The big one went to sleep as to die and dreamed he
by Russell Edson
became a tiny one. So tiny as to have lost all substance. To have
become as theoretical as a point.
Then someone said, get up, big one, you're not doing
yourself any good. You puddle and stagnate in your weight.
Best to be up and toward. It irrigates you.
What, said the big one, have I not disappeared? Have you
not mistaken a cloud for me? Perhaps some local hill fulfills
No, it's no mistake, it's you; those interconnecting puddles
of flesh pulling at your bones, attempting that world-weary fall
toward the great waters of the world.
How you manage against gravity is one of the greater
triumphs of nature.
Do you think, said the big one, there's a woman who
would like to marry me?
Yes, had such a woman done everything in the world except
marry you, she might think it worthy before dying to complete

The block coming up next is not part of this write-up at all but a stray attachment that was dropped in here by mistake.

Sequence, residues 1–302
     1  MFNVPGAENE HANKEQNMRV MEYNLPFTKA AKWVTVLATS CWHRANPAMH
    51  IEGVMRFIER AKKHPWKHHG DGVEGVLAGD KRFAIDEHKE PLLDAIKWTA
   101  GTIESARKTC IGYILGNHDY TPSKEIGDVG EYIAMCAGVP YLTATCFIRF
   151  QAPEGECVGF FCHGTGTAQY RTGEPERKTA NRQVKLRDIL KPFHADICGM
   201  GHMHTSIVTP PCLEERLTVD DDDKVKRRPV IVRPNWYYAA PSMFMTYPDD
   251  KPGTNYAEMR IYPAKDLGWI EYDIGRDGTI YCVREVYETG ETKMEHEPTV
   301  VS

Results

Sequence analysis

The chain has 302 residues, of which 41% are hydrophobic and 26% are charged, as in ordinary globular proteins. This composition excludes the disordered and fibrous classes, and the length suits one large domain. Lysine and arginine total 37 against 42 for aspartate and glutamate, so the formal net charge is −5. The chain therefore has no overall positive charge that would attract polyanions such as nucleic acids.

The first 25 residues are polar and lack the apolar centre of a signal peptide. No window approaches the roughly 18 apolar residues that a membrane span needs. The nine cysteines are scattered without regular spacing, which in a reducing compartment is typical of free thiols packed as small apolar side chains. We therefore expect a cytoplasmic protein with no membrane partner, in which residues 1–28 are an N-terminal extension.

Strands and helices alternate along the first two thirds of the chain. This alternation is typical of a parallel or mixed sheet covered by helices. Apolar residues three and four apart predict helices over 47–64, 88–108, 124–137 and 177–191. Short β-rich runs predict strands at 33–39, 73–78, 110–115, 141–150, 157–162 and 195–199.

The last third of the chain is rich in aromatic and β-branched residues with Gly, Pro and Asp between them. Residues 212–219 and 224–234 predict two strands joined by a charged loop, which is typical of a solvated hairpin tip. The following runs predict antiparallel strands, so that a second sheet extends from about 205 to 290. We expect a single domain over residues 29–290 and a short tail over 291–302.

her catalogue. Or having done everything, go meekly
without decision or care to such a consummation.
Then you really feel, said the big one, that this woman
could come to care very deeply for me?
All is theoretical. Who knows enough to say the outcome
of any event, save that it was past us, and we saw the back of it
moving slowly into the Universe, seeking other settings to
repeat the fall of fate. . .
That sounds wonderful, that a woman like that could be in
love with me, said the big one.
But in a few moments the big one was back asleep, dreaming
that he had come to such enlargement that he constituted
all the matter in the Universe, which must include the earth
and the woman he would have loved. . .